Can you believe that it has been nearly a year since Congress passed the Coronavirus Aid, Relief, and Economic Security (CARES) Act? (Either time flies when you’re having fun or more realistically, it comes to a standstill when a pandemic takes over the world.)
The CARES Act allocated up to $349 billion in forgivable loans to be distributed to small businesses to ensure job retention. (Fraudsters saw this as a perfect opportunity to make a few extra bucks for themselves.) Since the act was passed in March 2020, many fraudsters have been charged and sentenced for trying to exploit money earmarked for the economic relief of struggling businesses.
Benjamin Hayford of Centerton, Arkansas is one of the criminals who tried to exploit the unfortunate situation. He fraudulently sought more than $8 million in forgivable Paycheck Protection Program loans guaranteed by the Small Business Administration (SBA).(I’m sure he wanted to spend some of that money on a lavish vacation, but it looks like the only trip he’ll be taking is to prison.)
Hayford previously worked as the senior manager of global technology operations and portfolio at Walmart, Inc. before pleading guilty in August 2020 to one count of bank fraud and four counts of false statements to a financial institution. (Not sure how employable he’ll be after this.)
Hayford admitted that he claimed false payroll expenses by providing fraudulent payroll documentation in seeking PPP loans from multiple banks. (Every fraudster thinks their plan is foolproof until they get caught and must admit what they did.)
PPP loans are intended for small businesses who are struggling to meet payroll. The loans are forgivable if a certain percentage is used to make payroll or pay for other business expenses such as rent, mortgage, and overhead costs. These loans can help small businesses stay afloat and help families keep food on their table. (Instead Hayford tried to “get rich quick” at the expense of the American taxpayer.)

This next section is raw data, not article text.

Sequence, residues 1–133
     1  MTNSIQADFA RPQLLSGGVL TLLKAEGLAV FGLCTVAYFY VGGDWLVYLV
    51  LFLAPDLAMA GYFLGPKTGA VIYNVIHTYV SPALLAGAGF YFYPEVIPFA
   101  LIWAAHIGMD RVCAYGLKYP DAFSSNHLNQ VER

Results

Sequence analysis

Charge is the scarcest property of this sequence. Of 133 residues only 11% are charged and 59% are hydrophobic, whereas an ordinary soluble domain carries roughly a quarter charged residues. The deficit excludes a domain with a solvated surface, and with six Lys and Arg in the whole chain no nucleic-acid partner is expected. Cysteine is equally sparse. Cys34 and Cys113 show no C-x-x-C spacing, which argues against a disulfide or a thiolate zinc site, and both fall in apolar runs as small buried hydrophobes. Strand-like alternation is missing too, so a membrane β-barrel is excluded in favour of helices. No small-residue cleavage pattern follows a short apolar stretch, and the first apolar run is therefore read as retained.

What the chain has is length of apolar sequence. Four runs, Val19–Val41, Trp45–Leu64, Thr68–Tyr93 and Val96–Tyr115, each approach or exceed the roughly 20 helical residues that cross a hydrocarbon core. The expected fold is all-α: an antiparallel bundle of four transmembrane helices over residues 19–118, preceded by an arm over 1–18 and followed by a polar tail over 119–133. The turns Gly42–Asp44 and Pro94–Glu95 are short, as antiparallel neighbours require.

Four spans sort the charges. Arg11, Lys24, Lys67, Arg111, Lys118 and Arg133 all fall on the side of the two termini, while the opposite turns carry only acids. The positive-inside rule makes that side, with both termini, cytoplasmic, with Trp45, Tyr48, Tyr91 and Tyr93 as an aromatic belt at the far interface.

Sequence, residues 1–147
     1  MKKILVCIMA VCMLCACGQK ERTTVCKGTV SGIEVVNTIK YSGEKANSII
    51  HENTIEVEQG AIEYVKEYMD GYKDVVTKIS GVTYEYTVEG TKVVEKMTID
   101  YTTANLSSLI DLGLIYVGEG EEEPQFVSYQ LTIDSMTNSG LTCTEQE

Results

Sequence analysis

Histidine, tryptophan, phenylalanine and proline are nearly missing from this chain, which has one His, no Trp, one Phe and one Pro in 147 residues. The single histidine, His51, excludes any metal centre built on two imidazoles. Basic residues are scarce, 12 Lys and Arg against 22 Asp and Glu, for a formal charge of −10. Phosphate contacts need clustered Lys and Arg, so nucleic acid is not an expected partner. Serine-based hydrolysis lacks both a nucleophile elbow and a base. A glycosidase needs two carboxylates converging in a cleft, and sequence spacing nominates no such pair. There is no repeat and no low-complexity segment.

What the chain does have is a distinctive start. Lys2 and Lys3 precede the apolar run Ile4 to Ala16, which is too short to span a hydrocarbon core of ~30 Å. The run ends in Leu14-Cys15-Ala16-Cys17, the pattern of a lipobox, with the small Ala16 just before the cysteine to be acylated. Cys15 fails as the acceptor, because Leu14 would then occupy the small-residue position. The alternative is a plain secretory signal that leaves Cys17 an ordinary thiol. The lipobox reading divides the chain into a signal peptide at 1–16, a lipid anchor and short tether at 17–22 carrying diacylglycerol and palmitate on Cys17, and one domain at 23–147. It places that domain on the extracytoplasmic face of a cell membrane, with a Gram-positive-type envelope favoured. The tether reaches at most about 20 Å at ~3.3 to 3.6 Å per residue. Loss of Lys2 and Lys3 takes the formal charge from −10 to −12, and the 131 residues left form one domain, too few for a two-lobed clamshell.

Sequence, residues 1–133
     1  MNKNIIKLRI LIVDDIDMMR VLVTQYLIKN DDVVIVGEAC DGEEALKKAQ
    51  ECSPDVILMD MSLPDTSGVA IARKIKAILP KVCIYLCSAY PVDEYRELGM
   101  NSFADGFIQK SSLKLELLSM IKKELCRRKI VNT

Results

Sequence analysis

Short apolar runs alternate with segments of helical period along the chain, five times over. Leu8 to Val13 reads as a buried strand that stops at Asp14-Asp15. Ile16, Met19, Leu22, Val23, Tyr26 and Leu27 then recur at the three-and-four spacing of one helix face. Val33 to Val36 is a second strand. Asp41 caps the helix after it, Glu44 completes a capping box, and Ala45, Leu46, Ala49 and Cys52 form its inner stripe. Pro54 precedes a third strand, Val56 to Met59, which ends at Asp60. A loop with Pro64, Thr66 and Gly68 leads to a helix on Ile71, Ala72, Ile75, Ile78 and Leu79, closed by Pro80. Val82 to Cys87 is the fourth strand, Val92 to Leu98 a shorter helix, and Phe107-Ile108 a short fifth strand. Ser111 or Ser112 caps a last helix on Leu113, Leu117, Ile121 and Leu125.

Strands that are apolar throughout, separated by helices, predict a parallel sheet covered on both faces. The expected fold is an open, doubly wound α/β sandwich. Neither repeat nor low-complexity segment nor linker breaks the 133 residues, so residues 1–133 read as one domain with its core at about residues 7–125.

Hayford made false representations to a financial institution when applying for PPP loans by falsifying the date that a limited liability partnership was established. Hayford claimed that the company was established in January and was operating as of February 15, 2020. Actually, Hayford did not create the company until April, just a few days before he began applying for the PPP loans. (Did he really think that the bank would not do any fact checking?)
Hayford was sentenced to two years in prison and is expected to subsequently serve five years of supervised release. (Not only has he lost two years of his life to a jail sentence, but also any credibility he may have had.)
Today’s Fraud of the Day comes from an article, “Arkansas man convicted of COVID-19 relief fraud to spend 2 years in federal prison,” published by Tulsa World on December 8, 2020.
An Arkansas man convicted of COVID-19 relief fraud will spend two years in prison, the U.S. Attorney’s Office for the Northern District of Oklahoma announced Monday.
Benjamin Hayford of Centerton, Arkansas, will subsequently serve five years of supervised release for seeking more than $8 million in forgivable Paycheck Protection Program loans guaranteed by the Small Business Administration under the Coronavirus Aid, Relief, and Economic Security Act.